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Improving gamut mapping color constancy

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2 Author(s)
Finlayson, G. ; Sch. of Inf. Syst., East Anglia Univ., Norwich, UK ; Hordley, S.

The color constancy problem, that is, estimating the color of the scene illuminant from a set of image data recorded under an unknown light, is an important problem in computer vision and digital photography. The gamut mapping approach to color constancy is, to date, one of the most successful solutions to this problem. In this algorithm the set of mappings taking the image colors recorded under an unknown illuminant to the gamut of all colors observed under a standard illuminant is characterized. Then, at a second stage, a single mapping is selected from this feasible set. In the first version of this algorithm Forsyth (1990) mapped sensor values recorded under one illuminant to those recorded under a second, using a three-dimensional (3-D) diagonal matrix. However because the intensity of the scene illuminant cannot be recovered Finlayson (see IEEE Trans. Pattern Anal. Machine Intell. vol.18, no.10, p.1034-38, 1996) modified Forsyth's algorithm to work in a two-dimensional (2-D) chromaticity space and set out to recover only 2-D chromaticity mappings. While the chromaticity mapping overcomes the intensity problem it is not clear that something has not been lost in the process. The first result of this paper is to show that only intensity information is lost. Formally, we prove that the feasible set calculated by Forsyth's original algorithm, projected into 2-D, is the same as the feasible set calculated by the 2-D algorithm. Thus, there is no advantage in using the 3-D algorithm and we can use the simpler, 2-D version of the algorithm to characterize the set of feasible illuminants. Another problem with the chromaticity mapping is that it is perspective in nature and so chromaticities and chromaticity maps are perspectively distorted. Previous work demonstrated that the effects of perspective distortion were serious for the 2-D algorithm. Indeed, in order to select a sensible single mapping from the feasible set this set must first be mapped back up to 3-D. We extend this work to the case where a constraint on the possible color of the illuminant is factored into the gamut mapping algorithm. We show here that the illumination constraint can be enforced during selection without explicitly intersecting the two constraint sets. In the final part of this paper we reappraise the selection task. Gamut mapping returns the set of feasible illuminant maps. Our new algorithm is tested using real and synthetic images. The results of these tests show that the algorithm presented delivers excellent color constancy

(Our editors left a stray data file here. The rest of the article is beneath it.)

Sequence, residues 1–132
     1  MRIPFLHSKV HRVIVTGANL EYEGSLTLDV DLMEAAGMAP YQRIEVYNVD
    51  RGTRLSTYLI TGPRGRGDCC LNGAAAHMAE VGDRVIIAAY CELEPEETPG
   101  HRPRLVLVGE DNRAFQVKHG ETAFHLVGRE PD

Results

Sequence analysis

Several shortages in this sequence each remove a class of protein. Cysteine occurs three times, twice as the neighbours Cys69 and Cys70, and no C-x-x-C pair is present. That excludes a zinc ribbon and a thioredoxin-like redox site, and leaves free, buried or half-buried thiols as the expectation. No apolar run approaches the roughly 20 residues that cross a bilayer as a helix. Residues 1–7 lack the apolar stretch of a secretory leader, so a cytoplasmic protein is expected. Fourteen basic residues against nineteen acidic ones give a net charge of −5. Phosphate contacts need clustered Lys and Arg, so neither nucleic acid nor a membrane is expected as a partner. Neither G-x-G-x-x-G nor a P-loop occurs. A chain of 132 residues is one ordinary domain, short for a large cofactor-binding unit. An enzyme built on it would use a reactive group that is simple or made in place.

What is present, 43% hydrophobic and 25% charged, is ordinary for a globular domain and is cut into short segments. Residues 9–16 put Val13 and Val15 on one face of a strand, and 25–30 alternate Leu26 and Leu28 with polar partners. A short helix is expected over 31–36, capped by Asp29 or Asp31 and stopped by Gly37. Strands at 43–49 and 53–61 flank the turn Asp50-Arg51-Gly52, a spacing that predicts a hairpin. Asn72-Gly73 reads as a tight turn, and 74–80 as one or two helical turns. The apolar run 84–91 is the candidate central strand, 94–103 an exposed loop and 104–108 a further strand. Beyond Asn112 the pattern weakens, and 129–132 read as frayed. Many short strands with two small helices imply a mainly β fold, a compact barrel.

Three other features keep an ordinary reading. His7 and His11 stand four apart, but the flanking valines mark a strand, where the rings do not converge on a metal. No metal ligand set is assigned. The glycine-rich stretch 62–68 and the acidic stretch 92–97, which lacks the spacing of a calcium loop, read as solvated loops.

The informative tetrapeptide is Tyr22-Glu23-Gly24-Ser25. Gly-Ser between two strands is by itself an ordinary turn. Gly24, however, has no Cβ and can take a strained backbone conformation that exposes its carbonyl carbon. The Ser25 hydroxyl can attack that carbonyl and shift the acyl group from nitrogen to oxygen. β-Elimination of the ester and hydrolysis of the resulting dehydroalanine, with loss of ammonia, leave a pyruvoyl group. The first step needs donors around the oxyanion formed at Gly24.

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Image Processing, IEEE Transactions on  (Volume:9 ,  Issue: 10 )